Statement on Signing the Commodity Futures Trading Commission Act of 1974.
I AM pleased to announce that I have signed into law H.R. 13113, the Commodity Futures Trading Commission Act of 1974.
This act will provide the first major overhaul of the existing Commodity Exchange Act since its inception by establishing a new regulatory structure to apply to all commodity futures trading. This is an objective which I fully support.
This legislation was prompted by increasing concern that Federal regulation of commodity futures trading is too narrow in scope and that the present regulatory system is inadequate. In the past few years, the Federal Government has disposed of large accumulations of minerals and agricultural commodities. But present stocks are not large enough to stabilize prices. The recent market situation has been characterized by widely swinging prices. The futures markets have become increasingly important to our marketing system--with the value of futures trading now totaling $500 billion annually.
The increased trading has attracted more speculators and vastly increased the potential for unethical and illegal practices. This has resulted in failures of financial firms and losses by innocent investors.
Consumers also have suffered, since the gyrations of the futures markets have, in some cases, driven up prices to consumers.
It is important that futures trading take place under conditions in which traders and the public have full confidence in the system. This new law is an important step in this direction.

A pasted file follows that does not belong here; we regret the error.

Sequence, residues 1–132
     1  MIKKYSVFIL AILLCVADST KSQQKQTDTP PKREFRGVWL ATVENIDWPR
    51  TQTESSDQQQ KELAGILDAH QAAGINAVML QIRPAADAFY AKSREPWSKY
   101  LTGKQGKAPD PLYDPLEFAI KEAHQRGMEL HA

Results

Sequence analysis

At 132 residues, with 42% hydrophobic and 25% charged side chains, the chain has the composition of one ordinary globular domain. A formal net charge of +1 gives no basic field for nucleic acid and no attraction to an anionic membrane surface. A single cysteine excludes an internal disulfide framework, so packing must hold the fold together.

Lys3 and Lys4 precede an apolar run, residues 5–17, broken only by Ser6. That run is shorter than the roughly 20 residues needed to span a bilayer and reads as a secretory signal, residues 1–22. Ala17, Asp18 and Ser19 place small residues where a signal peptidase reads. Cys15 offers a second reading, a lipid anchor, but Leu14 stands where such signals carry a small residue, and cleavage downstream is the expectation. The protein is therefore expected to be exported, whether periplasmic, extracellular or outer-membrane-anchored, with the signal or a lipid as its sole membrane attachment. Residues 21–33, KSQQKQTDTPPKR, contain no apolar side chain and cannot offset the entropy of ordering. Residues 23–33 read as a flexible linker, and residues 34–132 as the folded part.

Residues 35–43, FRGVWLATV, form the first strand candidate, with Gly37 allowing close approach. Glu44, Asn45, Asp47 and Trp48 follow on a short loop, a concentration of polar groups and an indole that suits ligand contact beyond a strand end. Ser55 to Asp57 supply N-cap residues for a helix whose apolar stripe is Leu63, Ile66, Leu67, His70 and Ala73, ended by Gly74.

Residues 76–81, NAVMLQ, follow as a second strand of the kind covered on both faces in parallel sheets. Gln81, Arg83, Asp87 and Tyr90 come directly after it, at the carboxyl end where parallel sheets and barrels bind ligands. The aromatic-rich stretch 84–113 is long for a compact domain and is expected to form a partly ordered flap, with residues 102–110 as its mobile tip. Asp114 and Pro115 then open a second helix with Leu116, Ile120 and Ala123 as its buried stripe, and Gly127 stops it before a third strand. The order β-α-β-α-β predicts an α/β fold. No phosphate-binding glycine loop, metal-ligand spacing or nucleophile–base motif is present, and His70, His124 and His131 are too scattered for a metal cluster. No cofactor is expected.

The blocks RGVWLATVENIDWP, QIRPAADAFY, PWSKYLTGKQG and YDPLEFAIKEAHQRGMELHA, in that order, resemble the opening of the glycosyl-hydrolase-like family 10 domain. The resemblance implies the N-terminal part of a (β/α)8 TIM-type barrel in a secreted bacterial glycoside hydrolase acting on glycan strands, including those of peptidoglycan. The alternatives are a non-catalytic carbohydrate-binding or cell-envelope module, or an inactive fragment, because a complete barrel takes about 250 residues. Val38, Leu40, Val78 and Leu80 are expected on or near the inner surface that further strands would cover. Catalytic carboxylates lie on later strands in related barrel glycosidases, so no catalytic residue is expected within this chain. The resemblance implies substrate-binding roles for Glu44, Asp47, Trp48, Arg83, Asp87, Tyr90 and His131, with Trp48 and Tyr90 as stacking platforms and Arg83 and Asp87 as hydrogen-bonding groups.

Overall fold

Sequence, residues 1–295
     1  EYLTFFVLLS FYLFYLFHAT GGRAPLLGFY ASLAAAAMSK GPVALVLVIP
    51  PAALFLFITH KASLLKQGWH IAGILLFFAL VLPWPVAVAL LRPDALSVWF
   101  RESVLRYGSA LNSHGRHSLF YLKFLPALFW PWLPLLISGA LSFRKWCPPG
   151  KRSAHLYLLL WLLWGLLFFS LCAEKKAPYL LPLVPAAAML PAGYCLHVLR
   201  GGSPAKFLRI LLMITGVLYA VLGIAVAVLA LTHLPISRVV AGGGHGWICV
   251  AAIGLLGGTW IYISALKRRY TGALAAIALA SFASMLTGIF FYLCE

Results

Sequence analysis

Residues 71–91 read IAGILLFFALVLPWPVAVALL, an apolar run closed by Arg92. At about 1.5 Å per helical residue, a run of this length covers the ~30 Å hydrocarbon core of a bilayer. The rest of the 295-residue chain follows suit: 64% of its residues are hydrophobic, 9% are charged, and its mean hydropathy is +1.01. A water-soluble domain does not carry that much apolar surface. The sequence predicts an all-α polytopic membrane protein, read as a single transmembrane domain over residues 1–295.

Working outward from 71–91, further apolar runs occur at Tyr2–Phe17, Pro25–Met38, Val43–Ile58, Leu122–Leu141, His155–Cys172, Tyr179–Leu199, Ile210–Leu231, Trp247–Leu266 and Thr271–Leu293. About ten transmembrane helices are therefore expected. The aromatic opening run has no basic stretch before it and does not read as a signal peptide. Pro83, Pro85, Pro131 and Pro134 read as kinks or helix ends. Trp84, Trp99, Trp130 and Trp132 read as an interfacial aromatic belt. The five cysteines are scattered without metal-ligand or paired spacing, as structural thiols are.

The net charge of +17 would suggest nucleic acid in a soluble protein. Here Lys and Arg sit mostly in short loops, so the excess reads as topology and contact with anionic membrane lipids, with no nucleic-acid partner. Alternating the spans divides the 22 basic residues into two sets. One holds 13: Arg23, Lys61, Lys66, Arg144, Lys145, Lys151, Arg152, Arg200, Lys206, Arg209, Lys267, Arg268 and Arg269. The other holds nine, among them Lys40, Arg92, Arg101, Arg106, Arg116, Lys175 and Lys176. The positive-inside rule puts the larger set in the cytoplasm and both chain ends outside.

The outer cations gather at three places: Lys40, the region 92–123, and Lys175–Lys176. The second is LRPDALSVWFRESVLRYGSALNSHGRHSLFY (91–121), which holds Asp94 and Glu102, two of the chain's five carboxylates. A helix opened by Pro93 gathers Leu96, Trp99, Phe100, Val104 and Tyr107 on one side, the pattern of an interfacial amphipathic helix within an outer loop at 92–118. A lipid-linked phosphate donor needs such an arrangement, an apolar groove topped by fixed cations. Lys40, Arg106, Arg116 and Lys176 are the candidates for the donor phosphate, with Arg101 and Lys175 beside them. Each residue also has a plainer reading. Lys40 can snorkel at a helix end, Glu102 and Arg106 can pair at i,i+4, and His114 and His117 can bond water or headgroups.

Unfortunately, in passing an otherwise desirable bill, the Congress has incorporated three objectionable provisions which would enable the new Commodity Futures Trading Commission to compromise traditional executive branch functions. I find these provisions unacceptable as well as being unnecessary for the effective operation of the Commission.
The first one would require the concurrent submission of Commission budget requests to Congress and to the President or to the Office of Management and Budget. This would in effect undercut the provisions of the Budget and Accounting Act of 1921, which requires the President to submit to Congress a single, coordinated budget. It also represents a retreat from my goal of reduced Federal spending, since it will make it more difficult for me to review all requests for Federal spending in advance of submission to Congress.
Second, as with the budget requests, it would require concurrent submission of the Commission's legislative proposals. If extended to other agencies, such a requirement would make it difficult for me to develop and present to the Congress a coherent, coordinated legislative program.
Third, the Commission is empowered to appoint an Executive Director, by and with the advice and consent of the Senate. This raises serious constitutional questions, by providing for an executive branch appointment in a manner not contemplated by the Constitution. This encroachment on the separation of powers can easily be corrected by deletion of the request for Senate confirmation of the Executive Director.
Nevertheless, because of the need for better regulation of commodity futures trading, I have signed H.R. 13113, notwithstanding my strong objections to these three provisions which erode necessary executive control. I will submit to the Congress legislation which would correct these three provisions, and I will strongly urge its passage during this session of the 93d Congress.
Note: As enacted, H.R. 13113, approved October 23, 1974, is Public Law 93-463 (88 Stat. 1389). The statement was released at Des Moines, Iowa.
Gerald R. Ford, Statement on Signing the Commodity Futures Trading Commission Act of 1974. Online by Gerhard Peters and John T. Woolley, The American Presidency Project https://www.presidency.ucsb.edu/node/256471